Cross-sectional imaging techniques are playing an increasing role in the evaluation of suspected small-bowel disorders, and a growing awareness of the risks of ionizing radiation exposure has prompted the exploration of alternative imaging techniques. Advantages of magnetic resonance (MR) imaging include a lack of ionizing radiation, the ability to provide dynamic information regarding bowel distention and motility, improved soft-tissue contrast, and a relatively safe intravenous contrast agent profile. Limitations of MR imaging include cost, imager access, variability in examination quality, and lower spatial and temporal resolution compared with those of computed tomography (CT). MR imaging of the small bowel is indicated for patients with Crohn disease, those for whom exposure to radiation is a concern, those with contraindications to CT, and those with low-grade smallbowel obstruction. MR imaging may be performed with enterography or enteroclysis. In enterography, large volumes of fluid are ingested. Several different contrast agents may be used. These agents are classified according to their signal intensity on T1- and T2-weighted images. In enteroclysis, enteric contrast material is administered through a nasoenteric tube. Crohn disease is the primary indication for MR imaging of the small bowel because many patients require multiple follow-up examinations. Findings suggestive of active inflammation include bowel wall thickening and hyperenhancement, ulcerations, increased mesenteric vascularity, and perienteric inflammation. Complications are well depicted and may include penetrating disease and small-bowel obstruction.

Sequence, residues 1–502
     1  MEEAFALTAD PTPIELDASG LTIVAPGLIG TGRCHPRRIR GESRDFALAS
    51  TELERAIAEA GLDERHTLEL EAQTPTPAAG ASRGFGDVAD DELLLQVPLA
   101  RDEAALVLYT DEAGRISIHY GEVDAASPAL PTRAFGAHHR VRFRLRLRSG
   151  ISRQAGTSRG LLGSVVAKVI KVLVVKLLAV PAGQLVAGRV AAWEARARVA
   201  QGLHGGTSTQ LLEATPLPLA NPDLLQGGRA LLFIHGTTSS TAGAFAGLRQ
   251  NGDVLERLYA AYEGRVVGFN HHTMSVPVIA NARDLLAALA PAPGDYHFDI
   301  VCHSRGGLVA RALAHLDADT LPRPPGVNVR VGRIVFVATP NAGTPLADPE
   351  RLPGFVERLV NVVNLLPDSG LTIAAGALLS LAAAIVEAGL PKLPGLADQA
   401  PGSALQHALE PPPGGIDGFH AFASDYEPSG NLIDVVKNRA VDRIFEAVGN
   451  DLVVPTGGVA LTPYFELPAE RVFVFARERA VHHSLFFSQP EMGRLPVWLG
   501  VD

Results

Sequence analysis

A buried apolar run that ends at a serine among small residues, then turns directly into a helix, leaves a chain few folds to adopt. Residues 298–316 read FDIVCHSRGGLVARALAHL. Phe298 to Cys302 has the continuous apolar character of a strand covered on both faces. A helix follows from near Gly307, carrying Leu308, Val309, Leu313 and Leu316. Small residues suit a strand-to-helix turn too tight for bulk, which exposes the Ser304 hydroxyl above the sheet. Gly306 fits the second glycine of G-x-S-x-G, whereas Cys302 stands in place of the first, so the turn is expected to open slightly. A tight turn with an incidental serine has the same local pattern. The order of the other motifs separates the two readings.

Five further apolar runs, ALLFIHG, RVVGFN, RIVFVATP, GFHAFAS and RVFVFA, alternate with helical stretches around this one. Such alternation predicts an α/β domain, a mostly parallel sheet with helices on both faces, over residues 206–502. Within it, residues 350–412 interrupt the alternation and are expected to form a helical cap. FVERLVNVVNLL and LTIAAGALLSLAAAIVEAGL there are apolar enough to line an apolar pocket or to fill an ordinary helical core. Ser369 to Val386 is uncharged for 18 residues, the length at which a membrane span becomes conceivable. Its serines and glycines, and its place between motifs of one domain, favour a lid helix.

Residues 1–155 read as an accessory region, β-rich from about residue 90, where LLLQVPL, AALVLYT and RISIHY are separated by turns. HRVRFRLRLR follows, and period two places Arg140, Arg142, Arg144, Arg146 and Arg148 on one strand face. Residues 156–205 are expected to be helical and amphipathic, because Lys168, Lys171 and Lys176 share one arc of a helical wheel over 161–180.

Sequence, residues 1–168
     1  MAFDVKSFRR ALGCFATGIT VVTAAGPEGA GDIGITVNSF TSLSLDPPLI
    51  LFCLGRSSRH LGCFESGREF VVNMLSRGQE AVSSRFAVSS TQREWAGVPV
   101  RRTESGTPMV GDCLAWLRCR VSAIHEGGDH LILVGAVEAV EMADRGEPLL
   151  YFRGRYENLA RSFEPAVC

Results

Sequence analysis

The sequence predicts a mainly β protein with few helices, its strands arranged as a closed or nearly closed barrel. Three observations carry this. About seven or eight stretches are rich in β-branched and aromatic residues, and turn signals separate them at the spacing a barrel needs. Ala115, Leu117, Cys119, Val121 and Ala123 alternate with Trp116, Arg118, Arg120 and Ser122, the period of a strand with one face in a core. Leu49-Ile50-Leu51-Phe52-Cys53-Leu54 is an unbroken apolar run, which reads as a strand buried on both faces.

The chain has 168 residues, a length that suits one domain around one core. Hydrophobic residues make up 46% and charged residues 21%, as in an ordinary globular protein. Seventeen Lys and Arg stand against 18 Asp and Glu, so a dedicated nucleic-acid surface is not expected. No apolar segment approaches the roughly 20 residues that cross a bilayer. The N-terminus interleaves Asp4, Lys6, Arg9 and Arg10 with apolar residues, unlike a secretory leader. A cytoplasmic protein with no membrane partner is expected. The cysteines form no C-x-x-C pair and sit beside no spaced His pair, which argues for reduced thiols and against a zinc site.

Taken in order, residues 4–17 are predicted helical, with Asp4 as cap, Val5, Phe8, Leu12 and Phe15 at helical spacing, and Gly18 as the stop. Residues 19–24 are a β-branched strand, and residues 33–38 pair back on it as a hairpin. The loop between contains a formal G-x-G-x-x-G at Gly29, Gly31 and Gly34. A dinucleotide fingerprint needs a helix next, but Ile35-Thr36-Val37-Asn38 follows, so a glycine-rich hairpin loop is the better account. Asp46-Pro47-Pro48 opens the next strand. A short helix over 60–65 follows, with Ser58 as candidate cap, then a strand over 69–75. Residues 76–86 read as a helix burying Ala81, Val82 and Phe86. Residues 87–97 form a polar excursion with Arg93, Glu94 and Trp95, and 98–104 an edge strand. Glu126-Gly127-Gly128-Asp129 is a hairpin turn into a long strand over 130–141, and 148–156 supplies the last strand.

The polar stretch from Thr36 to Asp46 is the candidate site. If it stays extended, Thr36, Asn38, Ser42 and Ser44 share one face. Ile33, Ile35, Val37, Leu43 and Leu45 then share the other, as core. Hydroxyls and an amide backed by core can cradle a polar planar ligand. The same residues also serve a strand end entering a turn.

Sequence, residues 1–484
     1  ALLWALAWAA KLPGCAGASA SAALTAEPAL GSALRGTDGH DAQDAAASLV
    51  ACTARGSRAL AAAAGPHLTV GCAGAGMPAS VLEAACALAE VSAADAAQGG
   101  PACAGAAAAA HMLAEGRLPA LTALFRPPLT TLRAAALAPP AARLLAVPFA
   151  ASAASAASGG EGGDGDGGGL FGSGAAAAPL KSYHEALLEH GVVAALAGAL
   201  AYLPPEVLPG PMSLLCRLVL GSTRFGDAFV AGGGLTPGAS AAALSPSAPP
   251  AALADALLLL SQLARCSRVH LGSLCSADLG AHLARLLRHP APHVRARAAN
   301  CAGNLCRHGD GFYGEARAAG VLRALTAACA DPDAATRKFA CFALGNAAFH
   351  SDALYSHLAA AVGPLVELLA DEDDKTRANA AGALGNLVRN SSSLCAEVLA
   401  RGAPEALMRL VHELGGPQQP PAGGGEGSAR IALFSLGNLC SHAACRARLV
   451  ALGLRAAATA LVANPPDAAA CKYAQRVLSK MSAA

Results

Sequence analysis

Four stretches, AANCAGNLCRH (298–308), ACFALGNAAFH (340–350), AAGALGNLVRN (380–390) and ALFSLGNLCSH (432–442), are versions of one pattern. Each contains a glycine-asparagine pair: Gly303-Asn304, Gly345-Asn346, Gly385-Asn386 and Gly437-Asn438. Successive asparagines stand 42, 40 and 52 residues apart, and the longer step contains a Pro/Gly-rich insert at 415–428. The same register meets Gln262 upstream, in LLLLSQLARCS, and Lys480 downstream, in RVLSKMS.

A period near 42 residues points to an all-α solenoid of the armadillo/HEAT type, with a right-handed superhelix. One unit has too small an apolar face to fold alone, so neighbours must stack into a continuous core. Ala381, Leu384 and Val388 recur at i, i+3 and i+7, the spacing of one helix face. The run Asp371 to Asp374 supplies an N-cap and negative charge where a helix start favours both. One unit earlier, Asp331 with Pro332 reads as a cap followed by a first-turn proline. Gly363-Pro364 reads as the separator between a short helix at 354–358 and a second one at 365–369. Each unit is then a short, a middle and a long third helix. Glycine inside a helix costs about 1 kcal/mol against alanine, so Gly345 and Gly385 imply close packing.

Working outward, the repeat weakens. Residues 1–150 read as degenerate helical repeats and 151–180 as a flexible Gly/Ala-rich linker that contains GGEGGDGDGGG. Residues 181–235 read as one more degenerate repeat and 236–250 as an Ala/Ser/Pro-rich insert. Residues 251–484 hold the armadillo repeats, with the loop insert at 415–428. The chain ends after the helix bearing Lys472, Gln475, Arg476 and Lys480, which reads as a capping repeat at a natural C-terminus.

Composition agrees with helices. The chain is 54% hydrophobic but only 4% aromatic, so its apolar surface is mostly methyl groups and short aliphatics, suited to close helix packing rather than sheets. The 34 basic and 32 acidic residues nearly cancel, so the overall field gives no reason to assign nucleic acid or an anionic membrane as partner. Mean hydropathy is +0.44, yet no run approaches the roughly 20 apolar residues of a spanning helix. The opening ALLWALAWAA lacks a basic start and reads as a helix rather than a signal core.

ASJC Scopus subject areas
- Radiology Nuclear Medicine and imaging